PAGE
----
We are proud to announce our PhotoMalaysia featured photographer of the month - June 2011:
Here is the interview with him:
Q: Can you tell us a little bit about yourself?
I am semi-retired and determined to live life to its fullest. When I was young I had planned to divide my life into 3 parts, going for an education, earning a living and having my own life. I figured that if I put roughly 25 years of my life into each part, that would roughly summarised my show on this world stage.
Antelope Canyon 2010
Q: What is your photography history?
When I was young, I loved art. However, fate has it that in order to earn a living; I had to concentrate on science. Photography became an escape of sorts from the logical scientific world. I bought my first camera with my second pay check, it was an Olympus OM1n. Later, I added a darkroom. However, I gave that all up due to the pressure of building up a family and career.
An image that was in the mind's eye for 10 years before finally capturing it in camera
I resumed this hobby when I decided to semi-retire. When I started then, it was like starting all over again. The digital photography age was just at its infancy. The technology was still very young and unstable. Owning a digicam with a 3mp was a big deal then. I bought my first digital camera – a Nikon Coolpix 995 at a sum equivalent to today’s mid-end DSLR.
Sunset in Rulous Village, Siem Reap, 2009
At that time I very frustrated with the limitations of the digital sensors. I decided to go back to my roots and started re-learning black and white photography. I spent six to seven years shooting nothing but black and white photos, developing it and printing it in the darkroom. Looking back, that was the best period of my photography development. If forced me to explore this medium intimately.
Boat man, Panchuria, Bangladesh 2010
Three years ago when Yusuf aka digitalartist and I decided to start this PMPE (PhotoMalaysia PhotoSafari Experience) program to impart our photography knowledge to beginners in photography, I moved gradually from analogue to digital. This time the learning curve was much easier and faster. I realised that I could import the film and wet darkroom (analogue) thinking into the digital world quite seamlessly.
Like all other photographers, I am guilty of accumulating and shooting different brands of cameras and formats from small, medium to large. My latest addition was a Pentax K5.
Wenchong Hutong, 2009
Q: Can you describe your photography style?
Creating one’s own style in photography is the most challenging because it goes beyond technical aspects and composition. One has to develop one’s mind eye and telling a visual story in one’s own way. This is an ever developing lifelong process. However, I am building it on my black and white photography foundation. Some of my friends even said that my colour photos looked like black and white. I love simplicity but I find it very hard to achieve.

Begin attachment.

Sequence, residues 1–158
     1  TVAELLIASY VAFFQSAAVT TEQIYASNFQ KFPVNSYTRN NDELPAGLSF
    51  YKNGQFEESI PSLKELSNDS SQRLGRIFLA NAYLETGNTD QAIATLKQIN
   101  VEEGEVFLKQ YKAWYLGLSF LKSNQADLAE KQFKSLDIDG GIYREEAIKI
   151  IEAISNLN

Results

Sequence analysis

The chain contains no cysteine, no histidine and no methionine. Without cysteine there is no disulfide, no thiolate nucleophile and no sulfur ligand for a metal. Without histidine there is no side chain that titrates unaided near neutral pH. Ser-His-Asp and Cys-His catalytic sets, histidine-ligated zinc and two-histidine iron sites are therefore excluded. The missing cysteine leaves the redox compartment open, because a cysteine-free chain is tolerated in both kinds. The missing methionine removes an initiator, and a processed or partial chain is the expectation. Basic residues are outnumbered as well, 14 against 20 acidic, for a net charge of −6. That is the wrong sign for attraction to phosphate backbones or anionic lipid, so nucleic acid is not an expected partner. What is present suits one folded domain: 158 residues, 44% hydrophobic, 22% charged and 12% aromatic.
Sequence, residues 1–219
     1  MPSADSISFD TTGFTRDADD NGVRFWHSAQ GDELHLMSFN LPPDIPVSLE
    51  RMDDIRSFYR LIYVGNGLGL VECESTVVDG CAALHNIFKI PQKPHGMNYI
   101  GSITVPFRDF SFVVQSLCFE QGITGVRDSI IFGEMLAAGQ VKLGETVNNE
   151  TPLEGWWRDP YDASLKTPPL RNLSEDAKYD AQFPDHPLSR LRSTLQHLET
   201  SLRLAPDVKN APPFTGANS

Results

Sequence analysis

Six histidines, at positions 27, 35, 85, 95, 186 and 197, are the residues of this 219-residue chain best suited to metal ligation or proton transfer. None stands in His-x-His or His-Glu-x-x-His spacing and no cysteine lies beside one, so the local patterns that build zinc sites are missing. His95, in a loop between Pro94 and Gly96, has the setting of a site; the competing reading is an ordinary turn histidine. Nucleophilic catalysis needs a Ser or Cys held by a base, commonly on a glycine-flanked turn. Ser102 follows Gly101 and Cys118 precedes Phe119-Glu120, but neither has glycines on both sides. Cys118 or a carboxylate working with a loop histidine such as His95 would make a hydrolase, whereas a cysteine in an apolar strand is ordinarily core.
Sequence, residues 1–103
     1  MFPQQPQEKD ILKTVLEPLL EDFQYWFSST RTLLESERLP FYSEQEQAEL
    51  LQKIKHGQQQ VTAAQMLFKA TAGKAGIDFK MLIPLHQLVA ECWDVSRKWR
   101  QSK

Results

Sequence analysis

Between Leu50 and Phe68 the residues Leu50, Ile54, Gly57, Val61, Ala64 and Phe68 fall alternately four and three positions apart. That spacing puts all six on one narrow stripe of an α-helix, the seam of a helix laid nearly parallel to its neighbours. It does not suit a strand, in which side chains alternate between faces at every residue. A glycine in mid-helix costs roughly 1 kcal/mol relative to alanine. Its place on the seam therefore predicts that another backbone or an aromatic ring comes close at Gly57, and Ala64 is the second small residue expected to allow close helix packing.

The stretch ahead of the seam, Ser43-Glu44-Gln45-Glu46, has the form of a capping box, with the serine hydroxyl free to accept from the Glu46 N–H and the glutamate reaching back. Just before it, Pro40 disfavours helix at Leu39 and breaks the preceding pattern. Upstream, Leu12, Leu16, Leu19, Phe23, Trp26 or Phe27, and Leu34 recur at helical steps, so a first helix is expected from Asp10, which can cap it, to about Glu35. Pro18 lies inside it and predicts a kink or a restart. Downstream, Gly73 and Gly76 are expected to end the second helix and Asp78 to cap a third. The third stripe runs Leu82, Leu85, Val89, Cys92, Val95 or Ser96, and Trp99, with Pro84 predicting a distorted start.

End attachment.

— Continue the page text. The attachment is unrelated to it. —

Fisherman- Long Hai, Vietnam, 2009
Our PMPE programs have given me the unique opportunity to develop this personal style. Most of our photosafari trips consist of 5 to 21 days of continuous shooting day-in-day-out. Our photo sharing sessions also forced all the participants including myself to think critically. It was really the most enjoyable photography experience I have ever done in my life. What started off as a community service of teaching and coaching newbies in photography has grown into personal discovery not only for the participants but the coaches as well…..it is a very humbling experience.
Q: Any advise for aspiring PhotoMalaysia members?
I believe most of the newbies in photography do not aspire to do become professional photographers. Having said that most amateur photographers would eventually give it up when they feel that they are not progressing at the rate that will satisfy them.
Thamel Bazaar, Kathmandu, Nepal, 2011
One of best way on how to keep that interest alive is to learn photography from the basics. Spend some time on building up that foundation so that you can move onto a different level as your style and skills improve. The easier ways to keep that interest alive is to join some of the photography workshops, photography forums, read photography books, magazines, discussion groups or a good photo tour.
Dai Minh Lake, Vietnam 2009
Personally I find PhotoMalaysia’s forum is unique. I may be bias here as I have put in many years of effort in developing this forum. It has both online and offline activities that give photographers the opportunity to interact socially, sharing knowledge, poisoning each other, develop their own photography skills, flaming (hehehe!). The best part is most of its activities are free or cost very little. All these offline activities are headed by experience photographers who have selflessly willing to share their experience…..you cannot get better than that.
Hotan, Bazaar, (Silk Road) Xinjiang, 2010
I hope more photographers would come forward and share their experiences or help out in developing this Malaysian Photography Community.